When Warren Buffett placed The Intelligent Investor at the top of his reading list with a quote on the cover that reads, “By far the BEST book on investing ever written”, I would think we HAVE to take notice of it.
We here at Value Invest Asia also rate The Intelligent Investor rather highly – In our opinion, it ranked among our top five books that an investor has to read.
“Serious physicists read about Sir Issac Newton to learn his teachings about gravity and motion. Serious investors read Benjamin Graham’s work to learn about finance and investments”
Who Is Benjamin Graham?
Benjamin Graham was known as the “father of value investing” and the “Dean of Wall Street”. He was one of the pioneers that took the concept of investing from an art form to a ‘science’ with famous disciples spanning from Warren Buffett, William Ruane, Walter Schloss and many others. He was so influential to Buffett that Buffett’s named his son Howard Graham Buffett after him – That says a lot!
Graham was also the author of “Security Analysis” which was considered as the investment bible. However that might be rather technical for investors who have just started investing. Let’s first start with The Intelligent Investor 😀
Why We Think The Intelligent Investor Is A MUST READ!
Even after 65 years (Yep it was first published in 1949!), the principles within the book still held strong till today. How The Intelligent Investor stood the test of time was primarily due to its easy-to-read nature with a minimal use of confusing financial jargons. All of the examples used in the book are real-life examples (Of course during his time) and not some hypothetically cases that we often see in financial textbooks.
In our opinion, some examples of what the book teaches us include:
1) This isn’t a get rich quick book, there isn’t any
2) Investing doesn’t require a high IQ, unusual insights or inside information
3) What you need is a sound intellectual framework and emotional discipline
4) Know the difference between investing and speculation
5) We have to use the market instead of depending on it (More on Mr Market later!)
6) Approach investing as business-like as possible
7) Avoiding pitfalls are as important as getting a finding opportunities and many more!!!
What Makes The Intelligent Investor Timeless?
In our opinion, we felt that why its principles stood the test of time was due to the fact that it was tailored more towards our attitude towards investing than setting a definite quantitative target.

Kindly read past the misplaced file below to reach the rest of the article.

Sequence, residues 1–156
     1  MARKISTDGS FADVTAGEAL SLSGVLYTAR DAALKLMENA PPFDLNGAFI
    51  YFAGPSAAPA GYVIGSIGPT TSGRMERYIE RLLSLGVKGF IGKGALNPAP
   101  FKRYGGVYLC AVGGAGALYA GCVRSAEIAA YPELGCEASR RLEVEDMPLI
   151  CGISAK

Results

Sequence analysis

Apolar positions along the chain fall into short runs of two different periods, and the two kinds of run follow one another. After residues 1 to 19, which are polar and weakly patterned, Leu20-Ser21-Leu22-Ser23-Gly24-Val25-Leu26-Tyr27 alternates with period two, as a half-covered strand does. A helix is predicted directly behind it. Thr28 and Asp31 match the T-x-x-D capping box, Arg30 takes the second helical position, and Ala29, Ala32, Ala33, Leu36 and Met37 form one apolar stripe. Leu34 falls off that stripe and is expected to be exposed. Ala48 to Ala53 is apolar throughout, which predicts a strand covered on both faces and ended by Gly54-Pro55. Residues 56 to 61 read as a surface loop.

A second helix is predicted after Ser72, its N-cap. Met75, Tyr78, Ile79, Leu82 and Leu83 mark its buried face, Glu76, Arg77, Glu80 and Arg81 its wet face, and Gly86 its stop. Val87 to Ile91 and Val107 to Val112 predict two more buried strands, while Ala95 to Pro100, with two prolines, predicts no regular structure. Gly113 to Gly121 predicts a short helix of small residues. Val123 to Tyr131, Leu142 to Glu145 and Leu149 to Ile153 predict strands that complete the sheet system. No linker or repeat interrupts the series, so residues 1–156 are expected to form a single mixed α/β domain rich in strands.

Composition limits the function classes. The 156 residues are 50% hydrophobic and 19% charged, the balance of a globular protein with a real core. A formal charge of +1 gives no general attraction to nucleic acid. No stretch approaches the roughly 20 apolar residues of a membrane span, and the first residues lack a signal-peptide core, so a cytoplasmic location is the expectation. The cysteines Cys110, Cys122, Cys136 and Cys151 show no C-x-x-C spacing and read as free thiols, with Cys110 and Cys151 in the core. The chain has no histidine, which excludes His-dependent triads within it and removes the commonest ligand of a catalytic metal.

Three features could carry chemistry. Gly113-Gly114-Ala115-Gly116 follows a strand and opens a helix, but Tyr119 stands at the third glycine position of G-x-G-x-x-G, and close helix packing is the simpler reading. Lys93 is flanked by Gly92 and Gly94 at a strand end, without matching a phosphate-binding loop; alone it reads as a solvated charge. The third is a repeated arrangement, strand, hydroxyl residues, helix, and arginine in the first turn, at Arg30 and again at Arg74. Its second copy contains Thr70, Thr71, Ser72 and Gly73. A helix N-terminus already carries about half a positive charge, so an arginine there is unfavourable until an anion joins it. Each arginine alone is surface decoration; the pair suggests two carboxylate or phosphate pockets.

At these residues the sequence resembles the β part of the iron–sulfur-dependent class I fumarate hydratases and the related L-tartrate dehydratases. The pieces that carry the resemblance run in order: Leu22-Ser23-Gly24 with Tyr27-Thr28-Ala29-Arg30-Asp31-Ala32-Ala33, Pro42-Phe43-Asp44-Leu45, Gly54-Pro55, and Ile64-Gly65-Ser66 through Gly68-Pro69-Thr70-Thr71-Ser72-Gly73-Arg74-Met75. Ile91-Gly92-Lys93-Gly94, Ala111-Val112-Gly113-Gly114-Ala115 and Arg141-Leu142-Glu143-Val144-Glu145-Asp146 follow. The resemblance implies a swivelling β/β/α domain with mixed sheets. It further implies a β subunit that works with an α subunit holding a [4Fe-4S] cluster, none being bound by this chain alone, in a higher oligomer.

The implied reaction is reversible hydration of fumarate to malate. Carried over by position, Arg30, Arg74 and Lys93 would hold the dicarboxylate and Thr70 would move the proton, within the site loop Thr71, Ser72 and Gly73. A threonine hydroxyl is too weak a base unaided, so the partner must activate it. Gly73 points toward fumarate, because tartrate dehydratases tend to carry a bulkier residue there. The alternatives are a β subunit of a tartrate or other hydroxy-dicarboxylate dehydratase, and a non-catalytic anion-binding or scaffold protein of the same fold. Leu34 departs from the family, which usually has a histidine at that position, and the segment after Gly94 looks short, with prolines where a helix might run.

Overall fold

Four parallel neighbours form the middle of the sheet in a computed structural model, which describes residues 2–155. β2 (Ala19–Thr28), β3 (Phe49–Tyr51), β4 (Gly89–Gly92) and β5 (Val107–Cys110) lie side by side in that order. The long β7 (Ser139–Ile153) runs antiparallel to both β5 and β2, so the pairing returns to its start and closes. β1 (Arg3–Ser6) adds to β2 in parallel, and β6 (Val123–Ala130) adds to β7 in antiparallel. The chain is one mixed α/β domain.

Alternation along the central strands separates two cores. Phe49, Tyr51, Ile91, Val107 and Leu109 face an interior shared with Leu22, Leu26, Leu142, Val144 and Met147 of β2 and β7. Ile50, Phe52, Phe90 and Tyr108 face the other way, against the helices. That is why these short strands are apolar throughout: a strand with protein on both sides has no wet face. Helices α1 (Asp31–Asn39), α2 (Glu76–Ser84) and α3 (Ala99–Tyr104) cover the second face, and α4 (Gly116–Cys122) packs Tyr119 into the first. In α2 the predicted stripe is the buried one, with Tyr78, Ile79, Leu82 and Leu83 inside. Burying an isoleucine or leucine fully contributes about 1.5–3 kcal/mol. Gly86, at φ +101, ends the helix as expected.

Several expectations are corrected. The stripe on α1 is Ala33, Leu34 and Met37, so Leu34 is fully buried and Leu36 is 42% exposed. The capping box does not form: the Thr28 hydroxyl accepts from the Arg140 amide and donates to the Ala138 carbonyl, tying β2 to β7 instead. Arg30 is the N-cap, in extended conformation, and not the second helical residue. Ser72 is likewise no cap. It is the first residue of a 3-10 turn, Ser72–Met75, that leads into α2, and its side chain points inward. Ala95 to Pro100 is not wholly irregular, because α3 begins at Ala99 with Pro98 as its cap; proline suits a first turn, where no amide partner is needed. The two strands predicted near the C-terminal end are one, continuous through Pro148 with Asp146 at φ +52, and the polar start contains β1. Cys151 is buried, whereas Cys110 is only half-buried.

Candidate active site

Let’s consider Graham’s definition of investing (Which we think is the best out there so far!):
“An investment operation is one which, upon thorough analysis, promises safety of principal and an adequate return. Operations not meeting these requirements are speculative“.
This simple yet broad definition pretty much sums up how investing is. Given the fact that everyone is different, different levels of wealth, different priorities in life etc., it just isn’t possible to specify a definite target in terms of risk and return. What is deemed adequate by me may be too risky or too conservative by you.
This is where the fun part about investing comes in:
Sorry to burst any bubbles out there but there isn’t any ‘correct’ intrinsic value of a company. Two investors can be given exactly the same variable and come to vastly different conclusions.
At the end of the day if we have a structured and easily replicated framework to approach investing, that’s all that matters. Knowing yourself is really half the battle won!
Let’s focus on Chapter 8 and 20 of The Intelligent Investor
Why did Buffett mention to pay attention to these two chapters?
Chapter 8: The Investor and Market Fluctuation
Benjamin Graham coined this term Mr Market to describe the market. Basically Mr Market is a hypothetical investor who has some emotional issues and approaches investing based on his mood instead of any fundamental reason. And that is essentially how the stock market works. The market is based on the optimism or pessimism of the collective at any point in time. And being human, we are all irrational – meaning to say that more often than not, fluctuations in the market may be due to nothing other than emotional reactions.
The takeaway here would be that we have to learn how to use Mr Market and not rely on it.
Chapter 20: “Margin of Safety” as the Central Concept of Investment
If we only have ONE takeaway from The Intelligent Investor we better remember these three words – Margin of Safety!
We cannot only concentrate on getting our analysis right, we always have to ensure against loss in the case that our analysis goes south. At the end of the day, the future is unpredictable and the probability of making at least one mistake is frankly 100%. Remember when you lose 50%, you need to make 100% just to breakeven.
What the margin of safety concept teaches us would be to take a buffer for our analysis to cushion for when things go south. If we factor in the downside and even then the investment still looks interesting, we are on to something!
Value In Action
We hope that we have ‘leaked’ enough to intrigue you into reading this investment classic! Now we leave you to uncover the gems within The Intelligent Investor.
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All views and opinions articulated in the article were expressed in Mun Hong’s personal capacity and do not in any way represent those of his employer and other related entities. Mun Hong does not own any shares in the companies mentioned above.
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